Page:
Foggy morning over the Golden Gate
We took a quick road trip north, since it has been so long. We drove mostly the coast road to Carmel/Monterey and stayed in that region for two nights. Then we scooted up to San Francisco for a night of luxury and some adventures in the fog, before heading south again somewhat inland, stopping in King City for the last night, and then driving all the way home. This has been the first non-conference trip that we have taken since Jayn was a very little girl, and it's been a different experience.
One of the things Jayn specifically wanted to do was visit the Monterey Bay Aquarium, a place of fond memories. Last time we were there Jayn was about 4 or 5. She had a wonderful time playing in the spectacular kids section, and getting a bit wet. She didn't mind putting her fingers in the water to explore in the touching pools.
This time she was, of course, way too big for the little kids' interactive play area, and she has developed quite an aversion to creepy-crawlies or getting wet in her regular clothes. The museum was very crowded - oops Spring Break - and it was nearly impossible to get close to any of presentations. However we took some photos of jellies, and sea horses. The most interesting part was the new aviary, where shoreline birds ignore the gawking crowds even in the absence of any kind of wall. They are all rescued or fostered birds, and it was neat to see them close up, and hear their different calls.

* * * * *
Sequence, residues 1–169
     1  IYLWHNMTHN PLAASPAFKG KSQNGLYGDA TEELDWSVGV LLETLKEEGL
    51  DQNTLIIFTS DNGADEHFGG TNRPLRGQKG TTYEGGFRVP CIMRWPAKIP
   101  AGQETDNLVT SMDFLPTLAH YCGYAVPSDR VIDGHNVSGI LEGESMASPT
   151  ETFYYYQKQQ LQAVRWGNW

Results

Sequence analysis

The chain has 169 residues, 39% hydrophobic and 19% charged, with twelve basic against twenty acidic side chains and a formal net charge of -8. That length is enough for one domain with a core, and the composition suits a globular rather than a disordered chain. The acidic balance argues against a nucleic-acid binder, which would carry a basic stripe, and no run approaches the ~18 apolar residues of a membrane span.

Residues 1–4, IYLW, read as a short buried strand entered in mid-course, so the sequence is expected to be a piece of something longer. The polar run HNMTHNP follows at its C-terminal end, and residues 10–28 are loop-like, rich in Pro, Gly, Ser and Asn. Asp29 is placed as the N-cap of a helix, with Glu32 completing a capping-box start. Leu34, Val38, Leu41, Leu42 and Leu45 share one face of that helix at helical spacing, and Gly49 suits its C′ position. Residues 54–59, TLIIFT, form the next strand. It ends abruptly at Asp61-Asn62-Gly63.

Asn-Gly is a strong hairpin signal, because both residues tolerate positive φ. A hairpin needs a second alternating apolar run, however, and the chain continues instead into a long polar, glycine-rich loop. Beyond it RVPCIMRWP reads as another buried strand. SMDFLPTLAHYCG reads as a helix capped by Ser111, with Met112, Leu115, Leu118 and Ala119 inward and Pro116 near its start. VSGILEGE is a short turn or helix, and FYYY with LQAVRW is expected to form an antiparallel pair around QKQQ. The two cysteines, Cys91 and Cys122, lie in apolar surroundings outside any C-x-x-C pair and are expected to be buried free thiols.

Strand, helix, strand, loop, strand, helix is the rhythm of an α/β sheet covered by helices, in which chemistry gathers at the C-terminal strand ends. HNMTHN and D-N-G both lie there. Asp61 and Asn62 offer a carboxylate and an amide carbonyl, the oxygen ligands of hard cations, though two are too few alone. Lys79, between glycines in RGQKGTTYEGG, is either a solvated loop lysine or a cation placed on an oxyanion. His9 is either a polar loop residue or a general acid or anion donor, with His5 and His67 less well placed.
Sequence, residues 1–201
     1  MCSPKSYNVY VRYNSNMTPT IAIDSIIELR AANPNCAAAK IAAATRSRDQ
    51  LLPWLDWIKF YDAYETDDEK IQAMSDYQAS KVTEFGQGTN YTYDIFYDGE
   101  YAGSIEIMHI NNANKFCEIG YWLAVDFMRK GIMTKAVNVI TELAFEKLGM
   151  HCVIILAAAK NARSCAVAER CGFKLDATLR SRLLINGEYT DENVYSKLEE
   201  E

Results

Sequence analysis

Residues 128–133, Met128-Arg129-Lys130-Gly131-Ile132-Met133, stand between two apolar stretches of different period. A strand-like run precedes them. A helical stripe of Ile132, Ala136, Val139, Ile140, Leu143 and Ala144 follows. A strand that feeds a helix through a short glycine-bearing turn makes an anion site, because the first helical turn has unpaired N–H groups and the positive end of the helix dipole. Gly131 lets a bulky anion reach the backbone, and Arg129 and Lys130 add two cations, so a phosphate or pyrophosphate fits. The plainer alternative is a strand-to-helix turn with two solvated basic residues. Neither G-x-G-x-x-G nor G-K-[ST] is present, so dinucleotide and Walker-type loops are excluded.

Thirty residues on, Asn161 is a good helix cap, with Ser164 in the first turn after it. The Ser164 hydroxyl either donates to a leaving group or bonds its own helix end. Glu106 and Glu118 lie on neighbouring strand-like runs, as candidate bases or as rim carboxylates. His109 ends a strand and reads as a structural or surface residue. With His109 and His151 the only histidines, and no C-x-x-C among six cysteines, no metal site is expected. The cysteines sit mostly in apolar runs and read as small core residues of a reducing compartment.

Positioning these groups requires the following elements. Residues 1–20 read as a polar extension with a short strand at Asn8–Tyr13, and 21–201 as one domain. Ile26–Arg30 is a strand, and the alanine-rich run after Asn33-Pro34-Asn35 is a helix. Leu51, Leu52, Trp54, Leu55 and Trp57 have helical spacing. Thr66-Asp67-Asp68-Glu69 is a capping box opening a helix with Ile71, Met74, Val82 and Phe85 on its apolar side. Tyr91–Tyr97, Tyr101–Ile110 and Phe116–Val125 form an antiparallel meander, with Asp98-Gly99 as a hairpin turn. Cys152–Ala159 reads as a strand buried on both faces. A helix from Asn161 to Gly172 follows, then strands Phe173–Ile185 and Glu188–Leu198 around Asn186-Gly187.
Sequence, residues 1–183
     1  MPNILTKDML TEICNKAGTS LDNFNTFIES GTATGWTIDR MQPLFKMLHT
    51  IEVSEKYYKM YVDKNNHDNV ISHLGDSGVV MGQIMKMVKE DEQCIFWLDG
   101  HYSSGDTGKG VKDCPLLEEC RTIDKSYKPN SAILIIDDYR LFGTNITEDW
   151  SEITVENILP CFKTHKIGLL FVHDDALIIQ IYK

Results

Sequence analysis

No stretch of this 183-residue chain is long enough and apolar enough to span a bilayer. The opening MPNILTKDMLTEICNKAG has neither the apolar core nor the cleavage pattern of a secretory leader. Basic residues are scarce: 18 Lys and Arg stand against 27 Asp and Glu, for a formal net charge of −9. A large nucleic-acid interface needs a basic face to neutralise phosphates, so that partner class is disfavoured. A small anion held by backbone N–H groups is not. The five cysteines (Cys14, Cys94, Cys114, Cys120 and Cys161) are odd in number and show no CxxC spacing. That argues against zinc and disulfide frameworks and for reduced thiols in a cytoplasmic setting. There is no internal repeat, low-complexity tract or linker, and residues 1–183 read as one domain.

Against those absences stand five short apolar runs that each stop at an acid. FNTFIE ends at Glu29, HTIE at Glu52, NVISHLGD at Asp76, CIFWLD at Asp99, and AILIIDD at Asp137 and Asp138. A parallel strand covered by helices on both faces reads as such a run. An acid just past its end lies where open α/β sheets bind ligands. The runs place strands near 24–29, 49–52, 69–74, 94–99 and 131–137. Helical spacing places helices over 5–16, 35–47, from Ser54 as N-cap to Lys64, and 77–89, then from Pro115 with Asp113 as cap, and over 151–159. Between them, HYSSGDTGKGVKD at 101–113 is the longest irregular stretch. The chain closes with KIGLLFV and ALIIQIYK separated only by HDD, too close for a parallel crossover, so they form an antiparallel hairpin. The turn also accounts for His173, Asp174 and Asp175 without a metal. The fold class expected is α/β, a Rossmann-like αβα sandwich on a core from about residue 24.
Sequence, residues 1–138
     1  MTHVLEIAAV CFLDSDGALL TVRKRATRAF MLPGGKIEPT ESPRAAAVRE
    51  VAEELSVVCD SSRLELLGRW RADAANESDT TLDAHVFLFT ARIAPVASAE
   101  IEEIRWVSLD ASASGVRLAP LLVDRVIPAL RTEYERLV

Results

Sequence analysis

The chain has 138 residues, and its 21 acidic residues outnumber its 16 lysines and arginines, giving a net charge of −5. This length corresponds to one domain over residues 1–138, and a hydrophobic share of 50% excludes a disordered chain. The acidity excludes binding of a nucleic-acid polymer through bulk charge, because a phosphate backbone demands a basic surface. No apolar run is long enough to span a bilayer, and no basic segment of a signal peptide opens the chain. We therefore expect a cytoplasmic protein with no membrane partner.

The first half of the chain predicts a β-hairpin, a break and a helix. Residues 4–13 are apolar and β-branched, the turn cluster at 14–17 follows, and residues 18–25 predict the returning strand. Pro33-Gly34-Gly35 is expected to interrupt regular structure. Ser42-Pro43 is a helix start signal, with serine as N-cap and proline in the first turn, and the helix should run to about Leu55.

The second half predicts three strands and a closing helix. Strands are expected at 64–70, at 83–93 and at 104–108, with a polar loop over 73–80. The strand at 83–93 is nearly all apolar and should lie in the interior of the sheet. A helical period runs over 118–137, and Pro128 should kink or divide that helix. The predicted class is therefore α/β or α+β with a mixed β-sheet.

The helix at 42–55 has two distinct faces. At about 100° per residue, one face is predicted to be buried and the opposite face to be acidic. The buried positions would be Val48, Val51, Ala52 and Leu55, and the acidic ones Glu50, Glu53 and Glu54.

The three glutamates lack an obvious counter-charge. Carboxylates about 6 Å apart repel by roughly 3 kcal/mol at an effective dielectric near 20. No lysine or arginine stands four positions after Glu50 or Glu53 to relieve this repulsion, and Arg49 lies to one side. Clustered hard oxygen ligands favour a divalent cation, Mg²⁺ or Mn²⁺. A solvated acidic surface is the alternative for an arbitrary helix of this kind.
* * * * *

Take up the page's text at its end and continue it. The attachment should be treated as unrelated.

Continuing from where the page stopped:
Without the super fun of the Splashzone, and with the crowds, the aquarium did not hold our attention to the same degree at all, and we left fairly quickly.
Mission at Carmel. Note the out-of-whack star over the door - hand cut stone.
We drove the 17 Mile Drive in Pebble Beach, and again enjoyed the scenery and took plenty of photos. Plus we visited the San Carlos Borromeo Mission at Carmel, which is a working parish church, beautifully restored, and currently undergoing earthquake retrofitting. There are two museum areas, but it is the interior of the church itself and the gorgeous statuary and Nativity diorama I most enjoyed. To me, by definition, if a figurative sculpture is dressed in textiles garments, then that makes it an Art Doll. The church was also full of Easter lilies.
Dressed Mary, about 24 inches tall.
Steinbeck book cover display at the Center Gift shop
In San Francisco we stayed at the historic Nob Hill hotel, the Mark Hopkins. Here again was a sweet little multimedia history exhibit featuring a time line, souvenir art and various rescued historical items like a key from 1939 and old menus along with a couple of short films about different people who were part of the hotel's story. One was an interview with a 100 year old lady who had been the artist's model for a permanent and famous mural in one of the hotel's ballrooms from the 1920's.
Main entrance at night of Mark Hopkins. Note the beautiful plasterwork decorating the arches.
Both of these exhibitions are fascinating to me as a scrapbooker - combining images, ephemera and journaling to record history but also to create a harmonious whole.